KAHULUI - Democratic candidates for the South Maui 11th House District seat expressed opposition Tuesday night to Eclipse Development's work on two mega-malls in Kihei, with one candidate taking some flak for seeking to accommodate anticipated heavy traffic and for not opposing the projects outright.
Four Democratic candidates - former Rep. Joe Bertram III, Netra Halperin, Colin Hanlon and Kaniela Ing - are vying for their party's nomination to challenge Republican incumbent George Fontaine. He is unopposed for the GOP nod to return to the South Maui House seat for a second term.
The Kihei mall projects now under construction are located mauka of the busy Piilani Highway-Kaonoulu Street intersection.
Maui County Council Member Joe Pontanilla (left) and Kahului state Rep. Gil Keith-Agaran prepare to answer questions Tuesday night from moderators Ilima Loomis and Jon Miller during a televised candidate forum. The winner of the Democratic primary Aug. 11 will win the race because the party’s nominee will be unopposed in the Nov. 6 general election.
The Maui News / BRIAN PERRY photo
During a candidate forum televised live Tuesday on Akaku: Maui Community Television, Hanlon, the chief professional officer of the Boys & Girls Club of Maui, drew attention to the intersection when answering a question about development projects aggravating traffic congestion on Piilani Highway.
"As everybody in South Maui is aware, that intersection . . . has been looked over by multiple engineers, and it's failing," he said. "We have to make sure that we as a community start to talk about public safety if we're going to allow developments on that side of the highway, especially a mall that is going to attract our youth and our teens, because youth and teens love to be at the mall."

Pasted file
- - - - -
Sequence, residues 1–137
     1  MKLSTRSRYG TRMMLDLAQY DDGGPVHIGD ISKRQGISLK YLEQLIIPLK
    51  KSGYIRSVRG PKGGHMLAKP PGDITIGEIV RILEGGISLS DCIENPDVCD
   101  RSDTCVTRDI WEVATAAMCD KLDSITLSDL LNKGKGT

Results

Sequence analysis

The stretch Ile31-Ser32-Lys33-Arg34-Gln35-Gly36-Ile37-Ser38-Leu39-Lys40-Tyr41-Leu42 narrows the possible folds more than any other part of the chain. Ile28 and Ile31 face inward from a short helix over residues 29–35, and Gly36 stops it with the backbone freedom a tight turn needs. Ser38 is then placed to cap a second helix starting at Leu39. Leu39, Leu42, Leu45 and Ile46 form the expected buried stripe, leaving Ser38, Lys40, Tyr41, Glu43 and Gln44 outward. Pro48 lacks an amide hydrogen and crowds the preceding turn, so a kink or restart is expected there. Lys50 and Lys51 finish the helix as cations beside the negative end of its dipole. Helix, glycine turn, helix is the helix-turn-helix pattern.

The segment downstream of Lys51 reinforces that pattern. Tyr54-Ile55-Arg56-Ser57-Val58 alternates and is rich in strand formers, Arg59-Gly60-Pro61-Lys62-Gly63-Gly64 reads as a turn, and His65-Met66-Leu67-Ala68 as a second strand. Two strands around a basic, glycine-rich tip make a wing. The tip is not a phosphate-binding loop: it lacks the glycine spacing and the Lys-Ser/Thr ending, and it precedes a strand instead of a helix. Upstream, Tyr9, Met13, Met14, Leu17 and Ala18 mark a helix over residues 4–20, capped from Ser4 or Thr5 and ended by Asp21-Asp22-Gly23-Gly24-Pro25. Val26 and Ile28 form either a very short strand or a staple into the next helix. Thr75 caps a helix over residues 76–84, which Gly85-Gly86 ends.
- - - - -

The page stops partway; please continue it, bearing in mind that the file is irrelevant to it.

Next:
Hanlon suggested advocating for a pedestrian bridge over the highway.
Traffic mitigation needs to be among the project conditions developers must comply with "to make sure our road systems are taken care of," he said.
Ing said he was an early opponent of the mega-mall projects.
"I had a bumper sticker that said, 'Respect Kihei, oppose outlet malls,' '' Ing said. "To me, it's not a matter of whether you want it there or not. The scale of it was just outlandish to me."
Ing said he was born and raised on Maui and "through my lifetime I've seen South Maui change more than any other district."
"This is where I caught my first wave," he said. "This is where I caught my first fish. It's where my parents settled down, and I just want to make sure that my children and grandchildren will be able to experience the place as I have."
Ing said he found it curious that Hanlon mentioned the mall because "from meeting with a lot of unions I was told that he is a strong supporter of the construction of this mall."